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Sex, drugs, gifts uncovered in government oil probe

  • Story Highlights
  • Democrats: Report shows Bush administration too close to oil industry
  • Interior Department inspector general found evidence of unethical activity
  • Officials had sex with, accepted gift from oil and gas employees, IG found
  • Department says taxpayers did not suffer any financial losses due to relationships
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WASHINGTON (CNN) -- U.S. government employees received improper gifts from energy industry representatives, and engaged with them in illegal drug use and inappropriate sexual relations, according to a report issued Wednesday.

A report says government officials accepted gifts from oil and gas company employees.

A report says government officials accepted gifts from oil and gas company employees.

The report was issued by the Interior Department's inspector general after a $5.3 million investigation "uncovered recreational marijuana and cocaine use" by "a handful" of Interior Department staff, and found two federal employees "engaged in brief sexual relationships with representatives from companies doing business" with the department.

Two Interior Department employees "received combined gifts and gratuities on at least 135 occasions from four major oil and gas companies with whom they were doing business -- a textbook example of improperly receiving gifts from prohibited sources," Inspector General Earl Devaney says in a letter to Interior Secretary Dirk Kempthorne accompanying the report.

Randall Luthi, head of the Minerals Management Service at the Interior Department, said the public had not suffered financial losses as a result of the employees' behavior.

Some of the government employees tried to hide their close association with the industry they were supposed to be regulating, the report says.

The investigation turned up e-mails in which MMS employees "preparing to attend industry events used such language as 'this trip is to be kept quiet,' or were asked to RSVP 'in private' by their supervisor," the report says.

"When we asked one of these employees why they needed to avoid discussing their social activities with industry, he responded with a slight chuckle, 'They might have, you know, contacted the [inspector general],' " the report says.

The investigation appears to have been prompted by an internal whistle-blower's report in 2006, and concerns activity from 2002 to 2006 by the department responsible for selling the oil and gas the government collects as rent from companies drilling on federal lands.

The report alleges inappropriate behavior by 19 members of the Royalty in Kind program -- about one-third of the department. Some have since left the department, making it unclear what kind of disciplinary action they could be subject to.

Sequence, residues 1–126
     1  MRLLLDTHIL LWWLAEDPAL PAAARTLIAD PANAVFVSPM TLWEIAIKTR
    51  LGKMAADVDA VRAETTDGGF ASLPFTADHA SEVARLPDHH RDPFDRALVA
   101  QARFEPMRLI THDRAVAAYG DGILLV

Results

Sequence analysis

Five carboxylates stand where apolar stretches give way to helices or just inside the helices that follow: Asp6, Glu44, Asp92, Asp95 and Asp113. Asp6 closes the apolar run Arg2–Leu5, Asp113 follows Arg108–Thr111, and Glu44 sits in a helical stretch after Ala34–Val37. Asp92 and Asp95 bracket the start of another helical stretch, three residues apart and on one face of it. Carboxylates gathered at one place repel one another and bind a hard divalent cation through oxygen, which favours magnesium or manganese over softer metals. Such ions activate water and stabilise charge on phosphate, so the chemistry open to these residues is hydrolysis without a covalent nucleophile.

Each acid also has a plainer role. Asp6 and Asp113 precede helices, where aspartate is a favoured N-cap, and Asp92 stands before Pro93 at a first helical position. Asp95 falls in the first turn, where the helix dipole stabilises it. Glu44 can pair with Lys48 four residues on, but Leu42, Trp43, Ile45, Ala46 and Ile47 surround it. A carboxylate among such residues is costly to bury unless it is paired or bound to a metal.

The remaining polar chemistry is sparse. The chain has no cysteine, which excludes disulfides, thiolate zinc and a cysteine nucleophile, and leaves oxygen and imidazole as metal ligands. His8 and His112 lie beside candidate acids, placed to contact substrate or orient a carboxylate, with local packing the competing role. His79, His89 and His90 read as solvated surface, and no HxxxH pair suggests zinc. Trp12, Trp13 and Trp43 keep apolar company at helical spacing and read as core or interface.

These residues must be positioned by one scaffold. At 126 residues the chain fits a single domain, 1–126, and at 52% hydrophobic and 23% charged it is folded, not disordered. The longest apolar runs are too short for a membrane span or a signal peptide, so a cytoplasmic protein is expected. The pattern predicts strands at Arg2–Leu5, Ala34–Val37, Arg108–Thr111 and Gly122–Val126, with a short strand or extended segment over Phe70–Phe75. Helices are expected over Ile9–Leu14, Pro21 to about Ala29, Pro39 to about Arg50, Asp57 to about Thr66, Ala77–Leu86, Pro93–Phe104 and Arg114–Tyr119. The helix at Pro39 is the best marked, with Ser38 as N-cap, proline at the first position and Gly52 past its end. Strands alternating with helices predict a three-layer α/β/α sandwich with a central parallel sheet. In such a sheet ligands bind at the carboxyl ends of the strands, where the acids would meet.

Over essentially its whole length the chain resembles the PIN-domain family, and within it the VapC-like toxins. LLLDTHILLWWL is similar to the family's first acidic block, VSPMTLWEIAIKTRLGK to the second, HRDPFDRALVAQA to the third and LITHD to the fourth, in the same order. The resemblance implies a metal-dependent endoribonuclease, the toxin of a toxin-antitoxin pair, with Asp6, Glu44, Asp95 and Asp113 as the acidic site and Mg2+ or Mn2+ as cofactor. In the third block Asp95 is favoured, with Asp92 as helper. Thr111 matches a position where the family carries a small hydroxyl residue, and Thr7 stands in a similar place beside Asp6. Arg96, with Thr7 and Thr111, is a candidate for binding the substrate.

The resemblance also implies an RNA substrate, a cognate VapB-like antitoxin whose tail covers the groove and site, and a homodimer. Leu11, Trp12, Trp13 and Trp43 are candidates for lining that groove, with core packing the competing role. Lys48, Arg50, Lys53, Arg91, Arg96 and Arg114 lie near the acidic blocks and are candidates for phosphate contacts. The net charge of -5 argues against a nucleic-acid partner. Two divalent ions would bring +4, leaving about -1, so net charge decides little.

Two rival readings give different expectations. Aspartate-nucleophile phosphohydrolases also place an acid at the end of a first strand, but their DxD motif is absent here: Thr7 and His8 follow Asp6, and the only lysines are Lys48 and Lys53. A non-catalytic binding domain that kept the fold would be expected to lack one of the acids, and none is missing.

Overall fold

The Department of Justice declined to prosecute two former employees named in the report, the inspector general said, without saying why. Another pleaded guilty to a criminal charge.

Department of Justice spokeswoman Laura Sweeney said the department did receive "one or more referrals related to matters referenced in the Department of Interior inspector general reports," but she declined to comment further.

MMS head Luthi said only "six or seven" employees named in the report still work for the department. He vowed appropriate action by the time he leaves office in January.

Democrats used the report to accuse President Bush's administration of being too close to the oil industry.

"The Bush administration put an 'America for Sale' sign on the White House lawn from day one and has been courting Big Oil ever since," Rep. Louise Slaughter, D-New York and chairwoman of the House Rules Committee, said in a written statement. "Democrats have been saying it for some time, but this proves it. This administration is literally in bed with Big Oil. Little did we know they were such a cheap date."

Sen. Bill Nelson, a Florida Democrat, said the report should make Congress reconsider plans to expand offshore drilling.

"The rest of the United States government doesn't need to jump in bed with" the oil industry, he said.

"Offshore drilling will not solve our energy crisis nor will it bring down prices at the pump," Nelson said. "Instead, it will enrich the oil companies and reward the culture of corruption that has been fostered, funded and now exposed by the inspector general."

House Speaker Nancy Pelosi, D-California, said in a statement:

"This report documents the 'pervasive culture of exclusivity' that has cheated the American taxpayer out of the billions of dollars owed them by the oil companies," Pelosi said.

Sen. Dianne Feinstein, D-California, called the allegations in the report "unacceptable."

House Minority Leader John Boehner, a Republican from Ohio and an advocate of easing drilling rules, said that in 2006, "our members on the Government Reform Committee were investigating this problem in the department."

"Our members of the last two years ... have been pushing [current] Chairman [Rep. Henry] Waxman to continue this investigation and to have hearings and he's refused to do it," Boehner said. Waxman is a Democrat from California.

Two oil companies mentioned in the report, Shell and Chevron, declined to comment, saying they still needed to review it.

A third, Hess, said in a statement: "We do not believe we are the focus of the investigation and we will cooperate with any further requests from the inspector general's office that may arise."

CNN's Karina Frayter and Carol Cratty contributed to this report.

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